French Kitchen Design Ideas
Posted by wpsatuw2 on February 24, 2009
From France, the term of having the best food may seem a little too cliché, but there is no denying when it comes to style, especially when choosing a French kitchen design.
There are several changes for this type, but similarities can be found, especially from the Italians, where a chopping table is at the center of the kitchen area. As for the rest, like placement for the refrigerator, stove and oven, the French like to cook without any obstructions from the articles in the kitchen as well as people gathering to observe.
The main object for any French kitchen design is the visibility factor, added to the design of tables and chairs that would give an appearance of a café. Still, the work area for a French kitchen is set on having a long table where everything can be prepared, leaving the space from the wall to install shelves, cupboards and the usual appliances.
Floorings can be done using marble or seasoned mahogany, to give it a more rustic look, along with varnished shelves and cupboards for amore regal style. Hooks for pots, pans and other kitchen utensils are placed near the stove for easy accessibility, and most often using classic city tones that is similar to the old apartments found in Paris. Furnishings such as tables serve little purpose in a way, but it can add a touch of class for people who want to serve breakfast for a small family. This is mainly to their history in entertaining visitors for a drink or two while imbibing on cheese during the French Revolution.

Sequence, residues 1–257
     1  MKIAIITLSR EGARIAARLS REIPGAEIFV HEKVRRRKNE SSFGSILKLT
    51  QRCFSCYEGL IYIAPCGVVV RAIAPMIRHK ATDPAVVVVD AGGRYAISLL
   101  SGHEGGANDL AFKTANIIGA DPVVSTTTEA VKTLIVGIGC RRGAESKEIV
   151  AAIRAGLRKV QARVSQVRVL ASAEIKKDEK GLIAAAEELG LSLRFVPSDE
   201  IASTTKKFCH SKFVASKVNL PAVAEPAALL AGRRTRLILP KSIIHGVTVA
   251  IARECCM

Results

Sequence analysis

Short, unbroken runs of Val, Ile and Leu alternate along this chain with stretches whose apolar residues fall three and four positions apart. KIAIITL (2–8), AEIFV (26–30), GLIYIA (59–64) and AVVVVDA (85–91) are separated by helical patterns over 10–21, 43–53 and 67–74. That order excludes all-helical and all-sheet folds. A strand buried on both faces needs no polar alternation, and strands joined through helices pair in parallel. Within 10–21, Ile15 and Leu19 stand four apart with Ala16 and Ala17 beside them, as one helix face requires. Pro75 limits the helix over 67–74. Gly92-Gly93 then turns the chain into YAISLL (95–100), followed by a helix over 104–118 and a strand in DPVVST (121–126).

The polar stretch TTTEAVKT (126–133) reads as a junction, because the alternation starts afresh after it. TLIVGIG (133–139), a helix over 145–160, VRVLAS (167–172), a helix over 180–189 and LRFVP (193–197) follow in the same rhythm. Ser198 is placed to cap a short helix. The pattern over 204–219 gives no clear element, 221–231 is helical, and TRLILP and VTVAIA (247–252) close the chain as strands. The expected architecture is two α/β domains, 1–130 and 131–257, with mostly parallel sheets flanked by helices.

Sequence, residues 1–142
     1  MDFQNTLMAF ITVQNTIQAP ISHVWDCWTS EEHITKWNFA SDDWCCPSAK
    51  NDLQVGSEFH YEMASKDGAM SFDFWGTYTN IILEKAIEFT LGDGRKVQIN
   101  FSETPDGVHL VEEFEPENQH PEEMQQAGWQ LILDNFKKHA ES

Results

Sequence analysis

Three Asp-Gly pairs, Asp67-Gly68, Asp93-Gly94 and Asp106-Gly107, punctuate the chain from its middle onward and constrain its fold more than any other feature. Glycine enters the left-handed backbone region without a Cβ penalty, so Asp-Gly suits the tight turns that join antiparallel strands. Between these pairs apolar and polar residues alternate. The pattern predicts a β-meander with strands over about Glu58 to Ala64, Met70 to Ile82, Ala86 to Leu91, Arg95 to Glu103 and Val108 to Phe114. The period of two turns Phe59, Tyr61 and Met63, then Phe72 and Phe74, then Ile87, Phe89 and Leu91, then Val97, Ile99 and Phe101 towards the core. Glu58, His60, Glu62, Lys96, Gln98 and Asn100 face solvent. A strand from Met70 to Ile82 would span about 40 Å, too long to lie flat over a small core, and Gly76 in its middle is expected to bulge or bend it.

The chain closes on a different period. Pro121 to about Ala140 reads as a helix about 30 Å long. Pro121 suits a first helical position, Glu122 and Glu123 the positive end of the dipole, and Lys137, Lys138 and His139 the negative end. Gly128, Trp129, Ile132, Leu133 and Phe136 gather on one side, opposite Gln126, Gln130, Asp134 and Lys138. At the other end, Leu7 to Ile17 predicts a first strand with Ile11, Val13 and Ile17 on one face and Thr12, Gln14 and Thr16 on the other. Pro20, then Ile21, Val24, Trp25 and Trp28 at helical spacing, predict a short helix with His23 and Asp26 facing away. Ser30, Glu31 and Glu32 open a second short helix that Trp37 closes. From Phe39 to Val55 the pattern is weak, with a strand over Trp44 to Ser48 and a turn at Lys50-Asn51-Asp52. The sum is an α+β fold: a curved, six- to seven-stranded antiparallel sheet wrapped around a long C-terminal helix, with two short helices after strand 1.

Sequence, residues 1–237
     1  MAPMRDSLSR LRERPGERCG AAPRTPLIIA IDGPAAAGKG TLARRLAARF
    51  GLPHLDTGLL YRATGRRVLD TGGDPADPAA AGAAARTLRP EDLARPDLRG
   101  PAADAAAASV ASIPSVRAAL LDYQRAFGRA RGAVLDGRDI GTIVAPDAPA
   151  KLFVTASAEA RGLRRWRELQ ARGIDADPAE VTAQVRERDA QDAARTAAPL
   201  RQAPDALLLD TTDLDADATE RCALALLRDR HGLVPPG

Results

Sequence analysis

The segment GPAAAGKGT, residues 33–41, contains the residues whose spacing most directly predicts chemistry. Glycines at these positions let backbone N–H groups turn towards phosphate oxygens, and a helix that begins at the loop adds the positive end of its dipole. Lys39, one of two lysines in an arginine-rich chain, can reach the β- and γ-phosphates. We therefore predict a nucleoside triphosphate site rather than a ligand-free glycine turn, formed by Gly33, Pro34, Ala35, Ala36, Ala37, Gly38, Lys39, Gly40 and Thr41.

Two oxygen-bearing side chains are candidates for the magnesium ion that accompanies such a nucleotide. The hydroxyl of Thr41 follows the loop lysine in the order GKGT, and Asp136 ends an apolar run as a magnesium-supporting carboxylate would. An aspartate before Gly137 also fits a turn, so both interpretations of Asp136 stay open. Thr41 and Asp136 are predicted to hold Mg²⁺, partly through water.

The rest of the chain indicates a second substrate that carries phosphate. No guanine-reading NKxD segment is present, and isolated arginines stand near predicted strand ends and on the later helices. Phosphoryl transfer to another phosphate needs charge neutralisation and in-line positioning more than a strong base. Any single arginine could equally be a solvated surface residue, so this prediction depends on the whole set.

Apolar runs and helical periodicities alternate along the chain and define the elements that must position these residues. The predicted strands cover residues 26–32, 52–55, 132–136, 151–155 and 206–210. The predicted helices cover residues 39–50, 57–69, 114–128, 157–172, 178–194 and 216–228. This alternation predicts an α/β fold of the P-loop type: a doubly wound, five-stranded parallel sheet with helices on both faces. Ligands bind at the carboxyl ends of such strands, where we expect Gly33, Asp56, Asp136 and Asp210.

Most modern designers have reshaped the way French kitchen designs have appeared. For most, using some of the more affordable and modular materials like plastics and synthetic woods would allow them to create a more modern French kitchen. Bar tables are also an integral part of the French design, allowing the cook to place everything within hand’s reach and can be installed with a sink to wash up the said ingredients.
Decoration has made a significant improvement, although some who still appreciate a more classical look would prefer placing a few empty wine bottles and champagne glasses on cover-less shelves that wouldn’t hide anything. This is a more important part of the French look, where nothing can be considered as an obstruction and anything can be within reach.